Service in Ohio Honors
16 Killed in Iraq
CLEVELAND -- On the stage sat a helmet, a pair of worn soldier's boots and a folded American flag. In the audience Monday night were thousands honoring 16 fallen Marines and their hard-hit Ohio battalion.
"Our own band of brothers," Rep. Stephanie Tubbs Jones (D-Ohio) said during an hour-long memorial service of prayers, bagpipes intoning "Amazing Grace" and montages of the troops from the 3rd Battalion, 25th Marine Regiment who died in the past two weeks in Iraq.
Robert Derga, whose son Cpl. Dustin Derga, a member of the battalion, was killed in May, said: "We're just overwhelmed. It's good to see the community support. It's what Dustin fought for."
Lt. Col. Kevin Rush thanked the audience in Cleveland's International Exposition Center for its support on behalf of the battalion. "While it is fitting for a moment of silence," Rush said, "I believe a round of applause for all of our fighting forces is a little more appropriate."
Thousands stood, clapped and cheered for several seconds before the lights went dark and the names and photos of the fallen Marines were flashed on a screen while classical music played. Many of the Marines' relatives were moved to tears.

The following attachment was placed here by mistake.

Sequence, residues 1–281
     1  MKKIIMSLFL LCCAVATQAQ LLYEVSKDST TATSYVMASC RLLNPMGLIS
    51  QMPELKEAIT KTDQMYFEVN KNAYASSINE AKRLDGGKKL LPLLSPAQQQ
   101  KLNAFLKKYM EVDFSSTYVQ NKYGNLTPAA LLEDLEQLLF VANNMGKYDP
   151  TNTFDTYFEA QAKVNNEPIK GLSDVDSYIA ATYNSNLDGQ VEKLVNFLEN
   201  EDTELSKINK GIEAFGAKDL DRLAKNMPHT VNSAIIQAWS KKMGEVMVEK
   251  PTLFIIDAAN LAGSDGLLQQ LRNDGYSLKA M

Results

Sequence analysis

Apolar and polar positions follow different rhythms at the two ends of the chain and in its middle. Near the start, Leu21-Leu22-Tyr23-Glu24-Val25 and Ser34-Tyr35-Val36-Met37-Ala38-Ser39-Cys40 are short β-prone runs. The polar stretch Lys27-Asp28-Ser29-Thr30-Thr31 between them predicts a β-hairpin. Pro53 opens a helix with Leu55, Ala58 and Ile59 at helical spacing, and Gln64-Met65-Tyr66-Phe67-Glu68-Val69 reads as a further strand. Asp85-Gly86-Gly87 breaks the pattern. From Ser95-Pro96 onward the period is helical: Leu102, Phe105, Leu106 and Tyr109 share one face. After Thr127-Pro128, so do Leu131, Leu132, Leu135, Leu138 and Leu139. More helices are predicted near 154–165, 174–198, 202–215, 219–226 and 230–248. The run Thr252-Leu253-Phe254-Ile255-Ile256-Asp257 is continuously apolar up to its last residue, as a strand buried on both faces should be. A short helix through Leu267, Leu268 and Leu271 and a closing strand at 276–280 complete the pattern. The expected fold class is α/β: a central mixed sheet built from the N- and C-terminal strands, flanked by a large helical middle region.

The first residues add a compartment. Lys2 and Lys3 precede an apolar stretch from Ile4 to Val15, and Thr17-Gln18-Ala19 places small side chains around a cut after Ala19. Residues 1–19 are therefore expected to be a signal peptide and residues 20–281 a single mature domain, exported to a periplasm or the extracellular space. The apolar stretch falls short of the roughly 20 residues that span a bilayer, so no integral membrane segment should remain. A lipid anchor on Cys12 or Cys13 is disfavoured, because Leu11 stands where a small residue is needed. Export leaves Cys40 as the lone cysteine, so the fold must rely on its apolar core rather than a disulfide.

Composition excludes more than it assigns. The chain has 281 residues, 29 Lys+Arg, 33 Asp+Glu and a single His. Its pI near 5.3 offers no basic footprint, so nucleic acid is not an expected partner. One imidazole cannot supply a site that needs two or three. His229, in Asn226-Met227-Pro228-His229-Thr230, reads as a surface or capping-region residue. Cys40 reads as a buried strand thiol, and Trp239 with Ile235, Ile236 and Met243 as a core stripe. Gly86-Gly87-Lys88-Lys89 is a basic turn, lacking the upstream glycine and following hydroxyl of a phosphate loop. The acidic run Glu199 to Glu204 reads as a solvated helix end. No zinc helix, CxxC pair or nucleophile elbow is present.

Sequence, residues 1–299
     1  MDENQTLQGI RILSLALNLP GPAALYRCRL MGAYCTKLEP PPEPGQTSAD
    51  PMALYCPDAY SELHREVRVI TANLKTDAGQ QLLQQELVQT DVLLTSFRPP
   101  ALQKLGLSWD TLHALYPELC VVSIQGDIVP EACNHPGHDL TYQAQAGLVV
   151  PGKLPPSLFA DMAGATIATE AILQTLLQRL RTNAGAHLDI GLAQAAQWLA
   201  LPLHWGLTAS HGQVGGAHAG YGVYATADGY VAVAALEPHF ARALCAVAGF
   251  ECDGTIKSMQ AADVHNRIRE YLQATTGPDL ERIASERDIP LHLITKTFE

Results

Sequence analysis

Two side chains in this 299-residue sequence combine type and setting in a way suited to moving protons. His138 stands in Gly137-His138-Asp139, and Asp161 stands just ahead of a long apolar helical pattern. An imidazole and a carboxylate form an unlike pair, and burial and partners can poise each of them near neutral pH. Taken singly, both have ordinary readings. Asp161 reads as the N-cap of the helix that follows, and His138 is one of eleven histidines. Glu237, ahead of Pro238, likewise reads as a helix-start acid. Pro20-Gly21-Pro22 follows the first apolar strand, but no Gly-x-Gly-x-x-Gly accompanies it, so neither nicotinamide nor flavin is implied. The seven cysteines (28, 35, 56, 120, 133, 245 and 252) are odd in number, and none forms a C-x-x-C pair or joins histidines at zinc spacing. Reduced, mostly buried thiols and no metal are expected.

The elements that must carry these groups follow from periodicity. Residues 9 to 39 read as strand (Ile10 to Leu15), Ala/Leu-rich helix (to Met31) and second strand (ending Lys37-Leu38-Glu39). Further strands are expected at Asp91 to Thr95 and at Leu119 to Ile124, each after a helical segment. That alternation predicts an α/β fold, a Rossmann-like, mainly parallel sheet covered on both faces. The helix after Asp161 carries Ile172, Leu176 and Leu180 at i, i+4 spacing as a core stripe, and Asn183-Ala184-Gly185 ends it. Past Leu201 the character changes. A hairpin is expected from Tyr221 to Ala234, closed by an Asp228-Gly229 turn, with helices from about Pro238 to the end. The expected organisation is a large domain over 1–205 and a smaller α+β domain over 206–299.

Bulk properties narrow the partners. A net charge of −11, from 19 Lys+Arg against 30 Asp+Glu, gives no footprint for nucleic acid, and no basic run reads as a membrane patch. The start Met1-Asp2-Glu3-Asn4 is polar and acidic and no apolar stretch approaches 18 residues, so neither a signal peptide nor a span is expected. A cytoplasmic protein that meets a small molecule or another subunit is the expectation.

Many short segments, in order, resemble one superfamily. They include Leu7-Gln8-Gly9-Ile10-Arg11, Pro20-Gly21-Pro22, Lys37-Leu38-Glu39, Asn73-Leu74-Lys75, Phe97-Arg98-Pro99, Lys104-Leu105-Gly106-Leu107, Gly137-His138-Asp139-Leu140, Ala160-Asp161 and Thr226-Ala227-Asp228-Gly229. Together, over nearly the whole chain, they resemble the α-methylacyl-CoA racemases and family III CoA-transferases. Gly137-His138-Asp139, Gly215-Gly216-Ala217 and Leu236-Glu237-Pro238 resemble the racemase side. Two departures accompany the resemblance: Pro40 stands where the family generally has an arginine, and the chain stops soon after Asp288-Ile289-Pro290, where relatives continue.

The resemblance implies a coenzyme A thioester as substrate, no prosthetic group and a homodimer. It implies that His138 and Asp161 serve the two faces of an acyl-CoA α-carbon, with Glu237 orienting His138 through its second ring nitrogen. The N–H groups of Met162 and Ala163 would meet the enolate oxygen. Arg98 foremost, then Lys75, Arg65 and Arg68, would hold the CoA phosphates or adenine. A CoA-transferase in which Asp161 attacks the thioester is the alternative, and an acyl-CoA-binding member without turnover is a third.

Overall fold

In Ashland, about 70 miles southwest of Cleveland, more than 300 people gathered at a church for the funeral of another battalion member, Lance Cpl. Christopher P. Lyons, 24, of Shelby.
Lyons and a fellow Marine from the unit died July 28 when Columbus-based Lima Company was attacked in Cykla. The company lost nine other members last week alongside five other Marines and an interpreter in the deadliest roadside bombing since U.S. troops invaded Iraq. Two days earlier, five Ohio Marines were killed in an ambush.
Wildfire in Washington
Burns 35,000 Acres
POMEROY, Wash. -- Firefighters strengthened their grip on a 35,000-acre wildfire that had whipped through canyons, wheat fields and forestland in southeastern Washington, destroying dozens of houses and cabins.
Fire crews had good lines around three sides of the fire but remained concerned about heavy timber in the Umatilla National Forest to the south.
"Within the forest, it was a true firestorm," said Clay Barr, director of emergency management for Garfield County.
More than 100 structures were believed to have burned, including 20 full-time homes.
-- From News Services